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Should You Start Learning on an Inexpensive Instrument?

 

This is an incredibly common question for many people and especially parents with younger children who are thinking about getting them music lessons.

 

The short answer – no matter if it’s for you or your child – should be to get the best possible instrument you can (and afford) at the very beginning.

 

A lot of people might look at this as being counterintuitive. Why would you want to buy something expensive and then be burdened later on with trying to sell it? The truth is, sometimes if you don’t invest in a good instrument it could lead to frustration and eventually end up in your child giving up entirely.

 

It’s important to commit to music lessons. If you don’t feel entirely committed or sure about something then you should look elsewhere. Music is something that takes a lifetime to master and if you think that you or your child is ready to embark on that journey then you should go full steam ahead.

 

However, starting with a cheaper instrument and working your way up can be a great option. As long as the instrument you are starting with is good enough to be played and won’t impede your progress or learning you will be fine. With pianos it’s a good idea to start with a high quality upright and then eventually upgrade to a baby grand or full size grand when the time is right. Just remember that you will eventually have to progress past an upright piano because the action is not the same as a grand piano – it will never be as quick and won’t be able to perform more advanced selections of music.

 

If you get the best instrument you can afford you won’t be sorry. Not only will the person learning be happier and more successful but it will actually retain its value much more than a cheaper instrument. Search around and find the instrument that’s right for you or your child.

 

Thanks again for joining me Robert Estrin Robert@LivingPianos.com

  This is an incredibly common question for many people and especially parents with younger children who are thinking about getting them music lessons.   The short answer – no matter if it’s for you or your child – should be to get the best possible instrument you can (and afford) at the very beginning.   A lot of people […]

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Should You Play Famous Pieces of Music?

 

This is an interesting question because a lot of times people get into studying instruments because they are enamored with certain pieces of music. It may drive them to a certain instrument and they wish to recreate the sound and music they’ve heard before. But is it a good idea to fill your repertoire with well-known pieces?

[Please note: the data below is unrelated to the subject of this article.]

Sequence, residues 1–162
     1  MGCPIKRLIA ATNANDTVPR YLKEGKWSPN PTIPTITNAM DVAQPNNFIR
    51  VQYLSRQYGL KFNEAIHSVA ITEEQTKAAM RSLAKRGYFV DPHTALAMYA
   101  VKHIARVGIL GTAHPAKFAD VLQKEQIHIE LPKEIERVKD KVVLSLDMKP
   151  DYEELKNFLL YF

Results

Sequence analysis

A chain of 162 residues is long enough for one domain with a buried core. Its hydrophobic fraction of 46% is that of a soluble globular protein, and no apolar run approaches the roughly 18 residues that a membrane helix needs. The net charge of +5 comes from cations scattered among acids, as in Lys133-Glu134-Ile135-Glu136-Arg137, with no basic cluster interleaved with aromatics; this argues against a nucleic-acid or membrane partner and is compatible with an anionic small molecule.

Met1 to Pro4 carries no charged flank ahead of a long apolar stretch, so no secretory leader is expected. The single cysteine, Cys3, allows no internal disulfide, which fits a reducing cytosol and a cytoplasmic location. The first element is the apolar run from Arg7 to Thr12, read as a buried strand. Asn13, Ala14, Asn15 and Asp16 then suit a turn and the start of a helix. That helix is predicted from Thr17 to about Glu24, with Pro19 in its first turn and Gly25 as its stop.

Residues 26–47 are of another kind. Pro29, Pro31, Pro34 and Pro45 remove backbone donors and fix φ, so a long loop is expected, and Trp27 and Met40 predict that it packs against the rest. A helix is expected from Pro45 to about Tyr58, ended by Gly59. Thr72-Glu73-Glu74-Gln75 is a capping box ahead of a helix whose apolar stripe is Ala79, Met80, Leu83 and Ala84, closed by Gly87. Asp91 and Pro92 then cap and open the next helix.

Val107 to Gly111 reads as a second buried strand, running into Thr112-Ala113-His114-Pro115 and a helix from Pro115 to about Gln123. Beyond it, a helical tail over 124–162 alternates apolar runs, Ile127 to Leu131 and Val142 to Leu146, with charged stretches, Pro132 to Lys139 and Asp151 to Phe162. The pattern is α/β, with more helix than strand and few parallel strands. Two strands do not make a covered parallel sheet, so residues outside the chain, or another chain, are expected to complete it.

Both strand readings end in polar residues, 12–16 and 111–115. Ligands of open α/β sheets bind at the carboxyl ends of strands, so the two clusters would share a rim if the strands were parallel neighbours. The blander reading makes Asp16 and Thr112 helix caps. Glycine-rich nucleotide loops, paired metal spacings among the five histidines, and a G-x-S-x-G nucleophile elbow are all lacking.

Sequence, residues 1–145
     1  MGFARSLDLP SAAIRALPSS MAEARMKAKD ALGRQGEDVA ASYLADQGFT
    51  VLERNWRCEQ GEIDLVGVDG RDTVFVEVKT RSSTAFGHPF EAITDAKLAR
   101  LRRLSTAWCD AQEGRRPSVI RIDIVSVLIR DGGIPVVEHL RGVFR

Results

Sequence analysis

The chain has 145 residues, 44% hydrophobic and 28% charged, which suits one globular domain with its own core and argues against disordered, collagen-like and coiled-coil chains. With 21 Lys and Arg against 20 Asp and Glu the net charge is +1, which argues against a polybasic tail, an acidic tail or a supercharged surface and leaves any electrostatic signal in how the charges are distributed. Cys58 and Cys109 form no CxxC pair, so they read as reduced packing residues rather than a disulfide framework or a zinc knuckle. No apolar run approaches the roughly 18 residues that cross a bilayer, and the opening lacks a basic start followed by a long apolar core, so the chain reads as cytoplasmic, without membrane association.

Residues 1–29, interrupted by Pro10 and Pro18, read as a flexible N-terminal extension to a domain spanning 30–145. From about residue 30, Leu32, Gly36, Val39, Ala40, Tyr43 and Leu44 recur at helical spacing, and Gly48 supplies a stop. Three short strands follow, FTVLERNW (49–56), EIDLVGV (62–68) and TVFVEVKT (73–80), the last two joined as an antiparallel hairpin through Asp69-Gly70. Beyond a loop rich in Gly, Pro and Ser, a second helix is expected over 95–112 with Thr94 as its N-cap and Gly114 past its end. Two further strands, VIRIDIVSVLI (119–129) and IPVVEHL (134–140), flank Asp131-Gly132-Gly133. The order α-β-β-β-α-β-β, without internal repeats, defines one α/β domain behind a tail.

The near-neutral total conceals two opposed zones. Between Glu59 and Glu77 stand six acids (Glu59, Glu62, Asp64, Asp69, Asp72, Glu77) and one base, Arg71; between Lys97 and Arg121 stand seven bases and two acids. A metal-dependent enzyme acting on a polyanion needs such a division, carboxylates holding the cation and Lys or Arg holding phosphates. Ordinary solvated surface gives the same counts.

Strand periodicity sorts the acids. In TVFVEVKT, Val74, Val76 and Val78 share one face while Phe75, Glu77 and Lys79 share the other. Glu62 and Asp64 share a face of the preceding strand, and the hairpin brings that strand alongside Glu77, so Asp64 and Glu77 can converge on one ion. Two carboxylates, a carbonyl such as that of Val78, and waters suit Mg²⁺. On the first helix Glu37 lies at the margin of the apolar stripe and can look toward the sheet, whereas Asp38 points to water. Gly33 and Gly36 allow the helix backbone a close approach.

There are a few things to keep in mind when learning any new piece. One of the biggest is the familiarity of famous pieces versus lesser known works. When it comes to learning a piece you’ve heard dozens or hundreds of times before it can become a crutch – you know what it sounds like and you will naturally emulate what you’ve heard in the past.

 

When it comes to pieces you haven’t heard before it may be much harder to learn them on your own. It’s actually quite an accomplishment and something you should definitely undertake in your musical development to learn music you’ve never heard before. Don’t listen to it at all while you are learning it. Simply figure out the music as written and use your knowledge as your guide. Once you feel confident with the piece and can play it well, listen to some recordings of it. You might be pleasantly surprised at different interpretations of the same piece and you will certainly be taken with how much of a unique spin you have put on your own version of the piece!

 

When it comes to public performances, is it better to play pieces the audience will be familiar with? There is such a wealth of music available and much of it is unknown to a lot of people. After all, Beethoven wrote 32 piano sonatas and only a handful of them are really well known. On the one hand, you might be worried that by playing famous pieces you will be compared to other musicians and you will be expected to perform at a certain level. This is not always the case.

 

A lot of times choosing a famous piece can be a safe bet for a performer. Orchestras constantly play the same symphonies and concertos over and over again because people really want to continue to hear the music they known. The audiences will show up time and time again to hear these pieces because they are well known and loved – just the thought of hearing them again makes them happy.

 

One of the best things you can do for your programming is to use famous pieces as a hook to get people interested and generate an audience. Once you have them there, play the famous pieces you promised but also mix in some lesser known works – you will expose them to additional music and they will love you for it. It’s a great idea to pepper your repertoire with famous pieces and lesser known ones as well.

 

Thanks again for joining me Robert Estrin Robert@LivingPianos.com (949) 244-3729